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This is the fifth entry in a franchise rooted in the Conjuring films — which introduced the runny goth make-up-and-piranha-dentition nun as well as two-time horror star Annabelle. With each iteration, the claim of factual basis for the horror gets thinner — and The Nun is the most obviously made-up story yet.

Ironically, considering the position of the Catholic church, this is a nun which could do with a divorce — at least from her parent franchise. It’s top-and-tailed by mood-breaking clips from the Conjuring movies which flicker by so quickly that even if you recall the earlier films in detail, they’re incomprehensible and irritating. The Nun Movie Review , working from a story devised with series creator James Wan, may be working up towards an Infinity War crossover where the scary doll, the scary nun, the scary jack-in-the-box, the scary toaster and whatever else is stashed in Ed and Lorraine Warren’s Museum Of Haunted Curiosities get together to give Vera Farmiga and Patrick Wilson a really hard time — but, for now, the petered-out storylines and newly laid plot pipe get in the way of the effectiveness of this particular film.

New to the franchise is director Corin Hardy, who continues the British retro-horror feel of his Irish debut feature The Hallow in a mix of tried-and-tested jump scares and slow-build creep-outs. THE NUN Review: Welcome To Jump-Scare Hell seems to be a rule of the Conjuring universe that each film should have a homage to a classic Italian horror film — Annabelle reprised one of the best scares in Mario Bava’s filmography, and this revisits a memorable buried-alive shock from Lucio Fulci’s City Of The Living Dead. Hardy steeps the whole Romanian excursion in gothic ground mists, with forests of inverted crosses, muttering peasants down at the Hammer Films inn, bells attached to graves so that the prematurely buried can summon help (when they all tinkle at once, panic ensues), an impressively castle-like convent which has a few things in common with Michael Mann’s The Keep (it’s more prison than church), and a plethora of veiled, wimpled, looming figures. There are so many scary nuns around, starting with a mother superior who whispers from behind a black muslin shroud, that it’s a moot point as to which will turn out to be the title spectre.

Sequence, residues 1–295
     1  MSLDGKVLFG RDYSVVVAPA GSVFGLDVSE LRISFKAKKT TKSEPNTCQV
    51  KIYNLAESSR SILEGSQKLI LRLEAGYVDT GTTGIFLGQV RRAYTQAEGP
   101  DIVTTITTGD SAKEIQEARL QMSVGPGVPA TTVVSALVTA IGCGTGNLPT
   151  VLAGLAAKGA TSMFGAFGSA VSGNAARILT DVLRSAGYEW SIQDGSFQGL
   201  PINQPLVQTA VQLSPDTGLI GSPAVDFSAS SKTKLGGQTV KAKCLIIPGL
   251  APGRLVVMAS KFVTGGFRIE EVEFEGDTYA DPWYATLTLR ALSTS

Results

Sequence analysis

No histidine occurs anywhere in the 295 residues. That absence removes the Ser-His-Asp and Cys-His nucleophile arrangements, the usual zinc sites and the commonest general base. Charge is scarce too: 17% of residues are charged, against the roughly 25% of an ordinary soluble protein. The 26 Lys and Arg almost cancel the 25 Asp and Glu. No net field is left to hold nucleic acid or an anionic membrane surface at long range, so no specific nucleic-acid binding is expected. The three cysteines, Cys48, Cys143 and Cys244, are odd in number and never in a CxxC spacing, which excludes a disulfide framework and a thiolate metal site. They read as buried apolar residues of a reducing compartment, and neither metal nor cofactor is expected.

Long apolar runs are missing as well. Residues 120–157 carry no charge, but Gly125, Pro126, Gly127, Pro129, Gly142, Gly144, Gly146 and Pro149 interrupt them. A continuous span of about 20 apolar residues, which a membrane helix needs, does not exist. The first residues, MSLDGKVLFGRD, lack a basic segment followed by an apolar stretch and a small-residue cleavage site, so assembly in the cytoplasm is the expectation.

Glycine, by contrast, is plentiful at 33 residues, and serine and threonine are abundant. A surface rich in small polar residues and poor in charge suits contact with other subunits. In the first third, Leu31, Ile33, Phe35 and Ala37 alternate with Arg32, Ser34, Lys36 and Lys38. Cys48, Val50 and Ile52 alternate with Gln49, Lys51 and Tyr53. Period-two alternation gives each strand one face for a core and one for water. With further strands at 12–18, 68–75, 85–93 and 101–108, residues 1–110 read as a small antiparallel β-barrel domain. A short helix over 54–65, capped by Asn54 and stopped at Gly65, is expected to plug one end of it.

Many recent Catholic-themed horror films (The Devil’s Doorway, St. Agatha), shadowed by church scandals, depict clergy as routinely evil. Here, a sacrilegious villain dresses up as a scary nun to mock the church, but the real nun in the movie is the heroine, played by a spirited Taissa Farmiga, and the dramatic weight falls on her able shoulders. At once both horror movie ‘final girl’ and ninja exorcist, Sister Irene is spirited novice, but eventually wields an unfeasibly holy relic in a nun-on-nun face-off. A paradox of franchise horror is that, after a while, it becomes comfortingly, even reassuringly familiar; this is sweetly scary, but not remotely disturbing.

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